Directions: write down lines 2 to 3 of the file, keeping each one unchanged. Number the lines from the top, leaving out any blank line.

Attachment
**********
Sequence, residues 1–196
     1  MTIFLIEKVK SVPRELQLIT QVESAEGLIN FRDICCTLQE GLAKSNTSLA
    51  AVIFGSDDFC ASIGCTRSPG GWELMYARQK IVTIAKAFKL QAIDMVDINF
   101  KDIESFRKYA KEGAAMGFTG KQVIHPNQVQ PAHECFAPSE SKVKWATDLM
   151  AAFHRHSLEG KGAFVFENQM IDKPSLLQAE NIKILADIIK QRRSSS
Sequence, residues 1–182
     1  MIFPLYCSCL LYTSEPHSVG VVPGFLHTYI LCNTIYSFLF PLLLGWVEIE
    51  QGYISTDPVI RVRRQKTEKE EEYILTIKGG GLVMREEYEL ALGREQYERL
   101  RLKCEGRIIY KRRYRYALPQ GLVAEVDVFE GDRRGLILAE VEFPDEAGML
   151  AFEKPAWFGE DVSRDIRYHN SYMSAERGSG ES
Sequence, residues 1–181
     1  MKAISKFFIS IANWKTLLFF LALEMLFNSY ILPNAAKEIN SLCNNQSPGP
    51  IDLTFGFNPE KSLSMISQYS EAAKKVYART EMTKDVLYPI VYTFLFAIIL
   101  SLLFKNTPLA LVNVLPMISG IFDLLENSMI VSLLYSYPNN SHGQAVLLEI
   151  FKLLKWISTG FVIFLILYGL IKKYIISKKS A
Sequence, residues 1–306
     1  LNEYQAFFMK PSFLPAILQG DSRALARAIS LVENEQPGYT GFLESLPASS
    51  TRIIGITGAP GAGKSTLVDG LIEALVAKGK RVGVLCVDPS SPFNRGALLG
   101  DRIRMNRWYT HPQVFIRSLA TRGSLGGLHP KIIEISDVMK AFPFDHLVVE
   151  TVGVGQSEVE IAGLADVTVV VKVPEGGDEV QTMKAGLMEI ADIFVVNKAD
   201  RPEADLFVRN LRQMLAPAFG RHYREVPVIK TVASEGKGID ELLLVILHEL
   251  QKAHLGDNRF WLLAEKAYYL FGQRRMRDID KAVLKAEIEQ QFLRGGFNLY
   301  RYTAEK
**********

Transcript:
     1  MTIFLIEKVK SVPRELQLIT QVESAEGLIN FRDICCTLQE GLAKSNTSLA
    51  AVIFGSDDFC ASIGCTRSPG GWELMYARQK IVTIAKAFKL QAIDMVDINF